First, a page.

Yawning helps keep people safe
Researchers have discovered that humans become more vigilant to threats if they see somebody else yawn.
It is thought that yawning evolved as a signal to a group that one of them is tired and an onlooker's brain becomes more alert to cover for the weary, and therefore more vulnerable, person.
The experts from SUNY Polytechnic Institute in New York said: "The group vigilance hypothesis proposes that seeing someone yawn should trigger neurocognitive changes to enhance the vigilance of the observer, as a means of compensating for the reduced alertness of the yawner.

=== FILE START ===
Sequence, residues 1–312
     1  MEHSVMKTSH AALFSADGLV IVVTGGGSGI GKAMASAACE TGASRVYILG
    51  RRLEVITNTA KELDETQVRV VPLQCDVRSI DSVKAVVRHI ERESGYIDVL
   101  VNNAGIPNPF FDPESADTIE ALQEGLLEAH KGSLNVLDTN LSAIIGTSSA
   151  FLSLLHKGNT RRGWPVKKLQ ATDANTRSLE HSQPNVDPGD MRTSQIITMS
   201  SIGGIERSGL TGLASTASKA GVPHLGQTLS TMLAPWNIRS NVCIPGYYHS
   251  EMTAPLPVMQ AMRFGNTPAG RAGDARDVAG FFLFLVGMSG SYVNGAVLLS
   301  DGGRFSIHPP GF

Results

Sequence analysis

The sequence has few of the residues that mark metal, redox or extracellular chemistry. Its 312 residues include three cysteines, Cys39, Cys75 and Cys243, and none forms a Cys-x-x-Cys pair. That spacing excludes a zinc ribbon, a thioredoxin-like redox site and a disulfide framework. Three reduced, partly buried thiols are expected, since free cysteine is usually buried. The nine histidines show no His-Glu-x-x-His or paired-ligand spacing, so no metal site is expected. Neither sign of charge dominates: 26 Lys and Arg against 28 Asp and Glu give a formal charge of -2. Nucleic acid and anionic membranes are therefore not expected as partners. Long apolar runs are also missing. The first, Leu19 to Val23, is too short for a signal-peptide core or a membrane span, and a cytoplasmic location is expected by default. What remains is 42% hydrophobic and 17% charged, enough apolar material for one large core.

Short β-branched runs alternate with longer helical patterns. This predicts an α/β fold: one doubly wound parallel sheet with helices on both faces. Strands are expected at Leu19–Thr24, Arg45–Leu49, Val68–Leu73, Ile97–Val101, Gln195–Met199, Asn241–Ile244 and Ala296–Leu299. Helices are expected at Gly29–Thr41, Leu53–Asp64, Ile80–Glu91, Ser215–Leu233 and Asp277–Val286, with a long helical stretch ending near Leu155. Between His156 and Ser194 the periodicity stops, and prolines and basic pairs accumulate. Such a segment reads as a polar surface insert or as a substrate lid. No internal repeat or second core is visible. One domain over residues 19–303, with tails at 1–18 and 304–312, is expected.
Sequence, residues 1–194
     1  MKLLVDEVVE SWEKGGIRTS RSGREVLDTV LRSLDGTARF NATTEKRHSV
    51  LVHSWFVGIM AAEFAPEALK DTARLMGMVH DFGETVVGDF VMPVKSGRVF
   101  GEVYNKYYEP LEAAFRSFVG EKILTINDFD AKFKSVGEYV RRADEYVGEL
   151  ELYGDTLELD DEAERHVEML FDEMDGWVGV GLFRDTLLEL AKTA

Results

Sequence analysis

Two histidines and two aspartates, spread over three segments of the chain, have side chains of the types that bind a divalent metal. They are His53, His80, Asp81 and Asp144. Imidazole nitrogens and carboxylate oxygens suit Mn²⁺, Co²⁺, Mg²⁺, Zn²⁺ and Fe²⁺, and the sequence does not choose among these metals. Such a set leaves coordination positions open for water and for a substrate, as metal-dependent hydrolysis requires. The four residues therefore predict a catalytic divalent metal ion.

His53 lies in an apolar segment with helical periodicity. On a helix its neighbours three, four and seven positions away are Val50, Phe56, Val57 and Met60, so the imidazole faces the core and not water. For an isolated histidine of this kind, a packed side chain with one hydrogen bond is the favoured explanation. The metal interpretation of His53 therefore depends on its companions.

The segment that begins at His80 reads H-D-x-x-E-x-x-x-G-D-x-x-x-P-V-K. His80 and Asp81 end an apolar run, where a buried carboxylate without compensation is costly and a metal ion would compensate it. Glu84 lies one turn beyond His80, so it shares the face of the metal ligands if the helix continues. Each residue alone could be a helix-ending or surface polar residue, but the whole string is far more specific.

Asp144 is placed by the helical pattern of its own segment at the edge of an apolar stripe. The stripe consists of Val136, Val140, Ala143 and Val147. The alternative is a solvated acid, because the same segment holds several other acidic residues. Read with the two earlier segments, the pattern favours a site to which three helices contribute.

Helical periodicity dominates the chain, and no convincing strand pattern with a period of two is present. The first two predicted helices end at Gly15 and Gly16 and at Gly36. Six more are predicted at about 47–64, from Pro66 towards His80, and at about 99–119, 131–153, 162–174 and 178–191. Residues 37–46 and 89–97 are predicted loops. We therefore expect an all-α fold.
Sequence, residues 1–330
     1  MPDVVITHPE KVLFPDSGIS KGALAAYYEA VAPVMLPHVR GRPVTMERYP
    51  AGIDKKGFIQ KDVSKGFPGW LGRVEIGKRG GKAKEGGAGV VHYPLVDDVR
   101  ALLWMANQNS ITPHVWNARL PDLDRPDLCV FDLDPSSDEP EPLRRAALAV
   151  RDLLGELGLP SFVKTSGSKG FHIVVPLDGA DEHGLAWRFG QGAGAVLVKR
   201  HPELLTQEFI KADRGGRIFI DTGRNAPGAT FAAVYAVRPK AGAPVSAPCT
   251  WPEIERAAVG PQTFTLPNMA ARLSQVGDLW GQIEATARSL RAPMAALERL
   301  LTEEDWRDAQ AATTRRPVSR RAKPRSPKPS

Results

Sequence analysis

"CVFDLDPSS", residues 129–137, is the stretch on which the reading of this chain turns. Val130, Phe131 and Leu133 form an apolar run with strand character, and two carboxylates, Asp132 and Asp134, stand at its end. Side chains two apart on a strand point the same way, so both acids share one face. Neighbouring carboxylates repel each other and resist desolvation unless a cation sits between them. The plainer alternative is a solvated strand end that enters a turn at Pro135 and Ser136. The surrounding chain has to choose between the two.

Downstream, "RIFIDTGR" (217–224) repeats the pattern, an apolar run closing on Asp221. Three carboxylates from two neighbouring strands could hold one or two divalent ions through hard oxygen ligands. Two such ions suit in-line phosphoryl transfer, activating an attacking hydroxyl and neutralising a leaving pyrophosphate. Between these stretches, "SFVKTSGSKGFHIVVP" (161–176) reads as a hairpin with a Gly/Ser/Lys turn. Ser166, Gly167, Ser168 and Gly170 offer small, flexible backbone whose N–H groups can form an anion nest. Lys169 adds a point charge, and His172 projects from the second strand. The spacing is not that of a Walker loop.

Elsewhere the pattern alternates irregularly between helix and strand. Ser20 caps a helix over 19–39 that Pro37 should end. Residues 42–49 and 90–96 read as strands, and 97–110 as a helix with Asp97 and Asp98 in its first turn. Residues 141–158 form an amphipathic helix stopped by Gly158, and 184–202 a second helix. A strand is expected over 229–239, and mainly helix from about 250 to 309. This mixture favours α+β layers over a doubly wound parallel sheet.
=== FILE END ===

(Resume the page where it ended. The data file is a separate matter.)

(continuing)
"The tendency to be attuned to, and affected by, the yawns of others may have evolved due to the outcome this had on enhancing survival within groups."
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